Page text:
Anyway that was the beginning of Chip’s tracking career. Over the years he’s killed all kinds of things. His house is decorated with some of them. Every year at Christmas he gives us a good chunk of meat for the freezer, and saves us a bundle of money. When we were juniors in high school, Scott Kelley dared Chip that he couldn’t track a person in the woods, if the person knew he was being tracked. Chip said such a thing would be easy, as people are more careless than animals. So they wagered a nice set of fillet knives that Scott had gotten for his sixteenth birthday. Nobody knew for sure but the rumor was that Scott got a good beating from his father for losing those knives, but he sure as hell wasn’t going to tell Chip that. It’d just be more icing on the cake. If you ask me, I ain’t a violent man but Scott Kelley should have known better. Betting’s a sin and betting against Chip is just plain stupid. Everybody ought to know that by now.
            So that’s why I let Chip take the lead without complaining when he asks, “Wanna bet I can find this thing by nightfall?”
            “Sure as the rain falls from the sky and not the other way around,” I reply. “But think before you shoot. I just about am positive he’s a person.”
            “I ain’t ever seen a person act like this.”
            “Sure but I’ve seen the footprints. Look he might be some kind of freaky weirdo but you definitely don’t want to end up on Death Row just because you spooked yourself.”
            Chip takes this advice in stride and we keep going through the woods. I can feel the temperature drop a bit but I’m not really that much colder. The sun is definitely on its way down. Even in the dwindling light, Chip keeps a keen eye. “I think it went this way,” he said, pointing somewhat east.
            I nod and follow him. We walk a few more minutes in silence until suddenly Chip stops, scratches the back of his neck, and says, “Huh, well I’ll be.”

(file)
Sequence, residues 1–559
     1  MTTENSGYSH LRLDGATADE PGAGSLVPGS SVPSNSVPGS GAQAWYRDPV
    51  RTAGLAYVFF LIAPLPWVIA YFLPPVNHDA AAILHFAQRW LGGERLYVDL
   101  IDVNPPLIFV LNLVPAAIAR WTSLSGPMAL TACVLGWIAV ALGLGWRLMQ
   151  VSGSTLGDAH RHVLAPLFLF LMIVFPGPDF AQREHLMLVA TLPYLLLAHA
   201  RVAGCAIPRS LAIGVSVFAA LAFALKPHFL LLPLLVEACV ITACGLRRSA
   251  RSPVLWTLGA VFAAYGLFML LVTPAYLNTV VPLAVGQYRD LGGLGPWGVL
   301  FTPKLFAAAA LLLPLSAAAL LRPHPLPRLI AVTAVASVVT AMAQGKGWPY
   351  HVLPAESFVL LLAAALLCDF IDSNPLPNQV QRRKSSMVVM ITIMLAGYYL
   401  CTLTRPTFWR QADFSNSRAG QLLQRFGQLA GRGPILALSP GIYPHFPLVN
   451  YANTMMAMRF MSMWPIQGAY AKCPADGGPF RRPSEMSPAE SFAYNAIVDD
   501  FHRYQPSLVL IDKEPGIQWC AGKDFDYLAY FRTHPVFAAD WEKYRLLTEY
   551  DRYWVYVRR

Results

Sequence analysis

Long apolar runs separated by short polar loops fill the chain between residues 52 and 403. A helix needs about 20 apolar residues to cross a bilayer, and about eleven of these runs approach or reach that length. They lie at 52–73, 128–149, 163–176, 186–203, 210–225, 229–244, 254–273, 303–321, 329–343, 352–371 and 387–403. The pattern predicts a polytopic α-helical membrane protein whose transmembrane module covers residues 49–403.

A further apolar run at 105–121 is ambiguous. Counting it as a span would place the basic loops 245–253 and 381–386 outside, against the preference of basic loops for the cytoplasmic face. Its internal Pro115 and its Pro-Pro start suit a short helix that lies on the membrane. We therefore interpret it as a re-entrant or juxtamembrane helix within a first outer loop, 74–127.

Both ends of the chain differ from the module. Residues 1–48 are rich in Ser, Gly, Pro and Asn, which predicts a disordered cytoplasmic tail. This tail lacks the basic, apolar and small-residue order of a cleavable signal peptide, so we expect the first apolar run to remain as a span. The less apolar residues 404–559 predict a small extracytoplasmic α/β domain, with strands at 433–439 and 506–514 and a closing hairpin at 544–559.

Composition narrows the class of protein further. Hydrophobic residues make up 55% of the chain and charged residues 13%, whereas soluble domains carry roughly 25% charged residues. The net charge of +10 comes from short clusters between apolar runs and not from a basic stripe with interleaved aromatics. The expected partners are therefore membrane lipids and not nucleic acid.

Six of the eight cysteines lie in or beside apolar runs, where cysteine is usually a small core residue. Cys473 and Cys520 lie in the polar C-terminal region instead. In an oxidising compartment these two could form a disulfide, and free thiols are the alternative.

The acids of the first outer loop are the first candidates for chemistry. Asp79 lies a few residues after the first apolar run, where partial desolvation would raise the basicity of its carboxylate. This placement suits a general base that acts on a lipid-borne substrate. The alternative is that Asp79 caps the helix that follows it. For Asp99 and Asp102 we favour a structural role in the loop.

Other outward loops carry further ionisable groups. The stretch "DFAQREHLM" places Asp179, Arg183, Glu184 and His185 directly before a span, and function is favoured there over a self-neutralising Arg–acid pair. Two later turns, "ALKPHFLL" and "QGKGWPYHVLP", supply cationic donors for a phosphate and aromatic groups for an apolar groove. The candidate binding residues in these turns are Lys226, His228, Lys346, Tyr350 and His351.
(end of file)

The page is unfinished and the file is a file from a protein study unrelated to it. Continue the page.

“What is it?”
            He looks up suddenly, as if he’s surprised I’m still here, then shakes his head. “Oh it’s nothing… just saw something weird but it’s just a rock. Let’s keep going.”
            The sun sinks lower but Chip’s determination only grows. He begins to mutter to himself, and it’s almost as if I’m not even there. I begin to think about supper, about maybe calling it a night and starting up again in the morning. I want to catch this guy but my stomach’s growling. Just when I’m about to suggest pausing and discussing our options real quick, Chip stops suddenly again and says, “Well get me a dog and name him Bingo. We got ourselves a footprint.”
            I stride up next to him and he’s right. It’s the exact same footprint Lily and I found the day before. And it’s not the only one. Chip points outward and sure enough, there’s a beautiful, almost pristine trail just aching to lead us to our bounty.
            We waste no time. The snow is a bit too deep to really run, but we walk quickly. The trail is obviously not random. This guy has somewhere to be. He didn’t stop for anything. I want to ask Chip exactly how fresh these are but I’m too excited to have a conversation. We can figure it all out later.
            After following the trail deeper into the woods for another ten minutes or so, we both stop. The trees are thinning out and a little clearing is ahead of us. It’s not that big, just large enough to house a small shack of a cabin, half broken down, the likes of which I’ve never seen before. I can tell by the way Chip stares at it that it’s new to him too. All these years prancing around these woods and neither one of us have ever come this way.
            And the footprints stop right at the front door.
            We look at each other.
            “There ain’t no other trails,” Chip says, stating the obvious.
            “No he’s in there all right.”
            “Should we check it out?”
            I chew on that a bit. “Seems like that’s what we came out here to do.”
            “We could do a stake out.”
            “Nah, it’s getting too dark. He could elude us easily, I think. We got to use the sun while we still can.”
            Chip nods, though I can tell all his confidence is gone. “Well then, do you want to go first?”
            I don’t mind admitting that the truth is I almost don’t want to. But I didn’t come all this way for nothing, and my family is depending on me. Besides, he’s got my daddy’s rifle, which is probably inside that cabin. I muster up my courage and say, “Well naturally I do.”